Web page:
|Proclamation 4 June 1536|
Name Jane Seymour
Issue Edward VI of England
|Tenure 30 May 1536 – 24 October 1537|
Died 24 October 1537 (aged 28) Hampton Court Palace
Burial 12 November 1537 St George's Chapel, Windsor Castle
Spouse Henry VIII of England (m. 1536–1537)
Children Edward VI of England
Similar People Anne of Cleves, Anne Boleyn, Catherine Howard, Catherine Parr, Catherine of Aragon
Jane Seymour (c. 1508 – 24 October 1537) was Queen of England from 1536 to 1537 as the third wife of King Henry VIII. She succeeded Anne Boleyn as queen consort following the latter's execution in May 1536. She died of postnatal complications less than two weeks after the birth of her only Child, a son who became King Edward VI. She was the only one of Henry's wives to receive a queen's funeral, and his only consort to be buried beside him in St George's Chapel at Windsor Castle.
- Marriage and birth of heir
- Death and funeral
- In film and on stage
- In books
- In music
Jane was likely born at Wulfhall, Wiltshire, although West Bower Manor has also been claimed, the daughter of Sir John Seymour and Margery Wentworth. Through her maternal grandfather, she was a descendant of King Edward III's son Lionel of Antwerp, 1st Duke of Clarence. Because of this, she and King Henry VIII were fifth cousins. She shared a great-grandmother, Elizabeth Cheney, with his second and fifth wives, Anne Boleyn and Catherine Howard.
Portrait of Jane believed to have been painted during her short queenship and attributed to the "Cast Shadow Workshop"
She was not educated as highly as King Henry's previous wives, Catherine of Aragon and Anne Boleyn. She could read and write a little, but was much better at needlework and household management, which were considered much more necessary for women. Jane's needlework was reported to be beautiful and elaborate; some of her work survived as late as 1652, when it is recorded to have been given to the Seymour Family. After her death, it was noted that Henry was an "enthusiastic embroiderer."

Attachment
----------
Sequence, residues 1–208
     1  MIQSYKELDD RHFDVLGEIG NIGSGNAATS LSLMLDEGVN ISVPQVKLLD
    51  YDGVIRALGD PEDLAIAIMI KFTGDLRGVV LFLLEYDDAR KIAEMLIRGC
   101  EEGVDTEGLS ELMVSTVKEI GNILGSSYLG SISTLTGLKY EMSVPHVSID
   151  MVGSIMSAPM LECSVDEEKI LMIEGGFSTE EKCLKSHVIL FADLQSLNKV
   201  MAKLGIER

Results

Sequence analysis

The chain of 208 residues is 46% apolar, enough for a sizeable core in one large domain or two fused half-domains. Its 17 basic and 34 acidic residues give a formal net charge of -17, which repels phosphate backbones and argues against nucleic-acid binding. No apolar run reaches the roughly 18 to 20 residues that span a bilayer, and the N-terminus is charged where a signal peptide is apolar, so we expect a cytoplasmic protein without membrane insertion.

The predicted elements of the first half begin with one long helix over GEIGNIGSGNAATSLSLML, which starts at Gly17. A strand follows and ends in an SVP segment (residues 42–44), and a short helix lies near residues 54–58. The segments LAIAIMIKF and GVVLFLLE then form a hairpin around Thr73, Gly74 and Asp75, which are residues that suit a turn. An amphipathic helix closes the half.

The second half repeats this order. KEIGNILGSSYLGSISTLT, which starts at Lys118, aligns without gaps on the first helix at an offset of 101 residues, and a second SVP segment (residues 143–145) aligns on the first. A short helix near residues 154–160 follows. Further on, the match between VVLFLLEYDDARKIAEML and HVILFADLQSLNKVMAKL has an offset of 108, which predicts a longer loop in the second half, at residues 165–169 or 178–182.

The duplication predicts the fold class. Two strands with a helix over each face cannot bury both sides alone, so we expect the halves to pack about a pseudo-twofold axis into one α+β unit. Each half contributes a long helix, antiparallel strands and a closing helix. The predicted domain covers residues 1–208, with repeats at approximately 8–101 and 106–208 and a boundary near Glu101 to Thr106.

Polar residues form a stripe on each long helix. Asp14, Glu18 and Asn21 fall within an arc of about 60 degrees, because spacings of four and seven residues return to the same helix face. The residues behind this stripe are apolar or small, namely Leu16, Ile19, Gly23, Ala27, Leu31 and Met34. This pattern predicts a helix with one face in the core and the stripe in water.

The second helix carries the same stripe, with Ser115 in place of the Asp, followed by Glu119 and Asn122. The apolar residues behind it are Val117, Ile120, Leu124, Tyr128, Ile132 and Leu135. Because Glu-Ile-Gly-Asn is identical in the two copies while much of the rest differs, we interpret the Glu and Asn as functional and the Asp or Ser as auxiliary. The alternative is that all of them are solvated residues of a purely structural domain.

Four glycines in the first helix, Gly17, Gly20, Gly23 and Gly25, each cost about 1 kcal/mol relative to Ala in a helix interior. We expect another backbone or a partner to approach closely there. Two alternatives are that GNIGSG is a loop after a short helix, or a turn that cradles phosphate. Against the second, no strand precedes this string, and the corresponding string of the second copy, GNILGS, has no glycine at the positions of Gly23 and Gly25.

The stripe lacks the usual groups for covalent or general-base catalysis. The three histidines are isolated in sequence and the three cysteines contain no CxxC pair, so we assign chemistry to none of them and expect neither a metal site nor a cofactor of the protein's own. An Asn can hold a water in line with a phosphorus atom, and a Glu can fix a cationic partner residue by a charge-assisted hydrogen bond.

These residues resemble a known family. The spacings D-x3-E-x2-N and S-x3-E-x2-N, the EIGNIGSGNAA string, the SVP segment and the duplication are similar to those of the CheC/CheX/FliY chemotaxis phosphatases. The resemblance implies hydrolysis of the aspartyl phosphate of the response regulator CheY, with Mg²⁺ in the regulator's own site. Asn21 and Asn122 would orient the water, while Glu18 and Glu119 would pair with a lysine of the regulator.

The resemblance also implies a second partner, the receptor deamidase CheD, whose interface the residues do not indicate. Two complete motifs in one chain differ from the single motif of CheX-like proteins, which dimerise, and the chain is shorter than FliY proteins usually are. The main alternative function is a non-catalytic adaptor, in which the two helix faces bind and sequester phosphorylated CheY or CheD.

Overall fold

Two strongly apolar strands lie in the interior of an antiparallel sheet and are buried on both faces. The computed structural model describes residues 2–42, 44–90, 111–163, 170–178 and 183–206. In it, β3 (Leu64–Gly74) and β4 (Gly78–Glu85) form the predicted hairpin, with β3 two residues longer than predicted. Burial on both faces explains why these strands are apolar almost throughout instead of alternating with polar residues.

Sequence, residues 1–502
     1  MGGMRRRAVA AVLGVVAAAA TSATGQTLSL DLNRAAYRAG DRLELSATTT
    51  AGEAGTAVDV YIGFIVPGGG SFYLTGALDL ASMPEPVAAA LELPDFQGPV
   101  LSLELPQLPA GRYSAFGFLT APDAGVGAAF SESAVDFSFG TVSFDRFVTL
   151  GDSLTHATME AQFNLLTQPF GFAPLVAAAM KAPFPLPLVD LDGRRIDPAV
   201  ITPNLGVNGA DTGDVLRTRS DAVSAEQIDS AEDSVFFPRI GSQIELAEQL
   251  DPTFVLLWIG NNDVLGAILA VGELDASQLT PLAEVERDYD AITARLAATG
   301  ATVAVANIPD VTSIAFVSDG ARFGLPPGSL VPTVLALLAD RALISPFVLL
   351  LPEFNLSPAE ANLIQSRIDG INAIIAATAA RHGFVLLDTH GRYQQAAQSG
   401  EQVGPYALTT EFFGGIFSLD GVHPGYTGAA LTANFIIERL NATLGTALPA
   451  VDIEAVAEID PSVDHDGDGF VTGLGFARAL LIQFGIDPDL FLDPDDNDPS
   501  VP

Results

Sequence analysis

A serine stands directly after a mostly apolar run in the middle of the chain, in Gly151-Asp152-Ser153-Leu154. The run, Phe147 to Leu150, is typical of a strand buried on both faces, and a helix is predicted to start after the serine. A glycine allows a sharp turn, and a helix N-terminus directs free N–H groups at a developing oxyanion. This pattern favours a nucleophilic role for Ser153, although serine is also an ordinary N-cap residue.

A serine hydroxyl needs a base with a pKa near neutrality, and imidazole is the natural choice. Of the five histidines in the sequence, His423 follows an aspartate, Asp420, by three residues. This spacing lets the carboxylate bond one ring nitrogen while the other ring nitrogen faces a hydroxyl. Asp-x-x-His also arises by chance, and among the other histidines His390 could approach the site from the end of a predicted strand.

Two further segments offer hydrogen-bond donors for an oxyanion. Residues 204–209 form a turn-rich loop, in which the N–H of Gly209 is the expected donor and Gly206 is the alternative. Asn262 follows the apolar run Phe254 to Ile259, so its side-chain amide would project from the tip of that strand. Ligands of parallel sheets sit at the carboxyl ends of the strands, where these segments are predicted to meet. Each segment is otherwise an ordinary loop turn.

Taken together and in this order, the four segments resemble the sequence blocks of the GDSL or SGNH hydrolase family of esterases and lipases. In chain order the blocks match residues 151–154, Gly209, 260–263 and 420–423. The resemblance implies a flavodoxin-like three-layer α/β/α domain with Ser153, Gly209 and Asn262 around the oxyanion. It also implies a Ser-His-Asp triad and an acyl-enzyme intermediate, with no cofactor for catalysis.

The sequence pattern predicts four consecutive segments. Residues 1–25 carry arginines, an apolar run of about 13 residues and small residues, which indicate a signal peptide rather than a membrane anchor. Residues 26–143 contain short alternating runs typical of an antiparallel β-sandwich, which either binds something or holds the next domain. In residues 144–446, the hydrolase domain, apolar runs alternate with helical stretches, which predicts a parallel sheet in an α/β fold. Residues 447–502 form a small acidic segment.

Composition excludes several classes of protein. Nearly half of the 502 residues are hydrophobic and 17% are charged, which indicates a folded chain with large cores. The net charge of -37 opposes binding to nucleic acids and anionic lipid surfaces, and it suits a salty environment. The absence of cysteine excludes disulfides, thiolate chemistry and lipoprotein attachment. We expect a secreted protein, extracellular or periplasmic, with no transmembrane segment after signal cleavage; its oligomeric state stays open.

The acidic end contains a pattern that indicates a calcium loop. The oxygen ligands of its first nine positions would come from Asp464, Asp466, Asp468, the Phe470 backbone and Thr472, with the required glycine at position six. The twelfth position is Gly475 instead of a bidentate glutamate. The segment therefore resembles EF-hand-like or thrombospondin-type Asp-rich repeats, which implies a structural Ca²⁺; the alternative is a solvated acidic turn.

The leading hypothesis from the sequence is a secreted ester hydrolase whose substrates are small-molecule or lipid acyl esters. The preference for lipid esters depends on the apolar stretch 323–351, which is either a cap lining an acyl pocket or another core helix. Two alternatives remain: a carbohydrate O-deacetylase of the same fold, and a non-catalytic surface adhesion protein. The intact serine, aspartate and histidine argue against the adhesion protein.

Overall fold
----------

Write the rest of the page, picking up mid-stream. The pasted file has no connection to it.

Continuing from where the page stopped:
Jane Seymour's arms as queen consort.
She became a maid-of-honour in 1532 to Queen Catherine, but may have served her as early as 1527, and went on to serve Queen Anne. The first report of Henry VIII's interest in Jane Seymour was in early 1536, sometime before Anne's death.
Jane was highly praised for her gentle, peaceful nature, being referred to as "gentle a lady as ever I knew" by John Russell and being named as "the Pacific" by the Imperial Ambassador Eustace Chapuys for her peacemaking efforts at court. According to Chapuys, Jane was of middling stature and very pale; he also commented that she was not of much beauty. However, John Russell stated that Jane was "the fairest of all the King's wives." Polydore Vergil commented that she was "a woman of the utmost charm in both character and appearance." She was regarded as a meek, gentle, simple, and chaste woman, whose large family made her a suitable candidate to give birth to many children.
Her motto as a queen was "Bound to obey and serve."
Marriage and birth of heir
Henry VIII was betrothed to Jane on 20 May 1536, just one day after Anne Boleyn's execution. The couple were married at the Palace of Whitehall, Whitehall, London, in the Queen's closet by Bishop Gardiner on 30 May 1536. As a wedding gift the King made her a grant of 104 manors in four counties as well as a number of forests and hunting chases for her jointure, the income to support her during their marriage. She was publicly proclaimed queen on 4 June 1536. Jane’s well-publicised sympathy for the late Queen Catherine and the Lady Mary showed her to be compassionate and made her a popular figure with the common people and most of the courtiers. She was never crowned because of plague in London, where the coronation was to take place. Henry may have been reluctant to have Jane crowned before she had fulfilled her duty as a queen consort by bearing him a son and a male heir. As queen, Jane Seymour was said to be strict and formal. Jane would form a close relationship with Mary Tudor. The lavish entertainments, gaiety, and extravagance of the Queen's household, which had reached its peak during the time of Anne Boleyn, was replaced by a strict enforcement of decorum. For example, she banned the French fashions that Anne Boleyn had introduced. Politically, Seymour appears to have been conservative. Her only reported involvement in national affairs, in 1536, was when she asked for pardons for participants in the Pilgrimage of Grace. Henry is said to have rejected this, reminding her of the fate her predecessor met with when she "meddled in his affairs".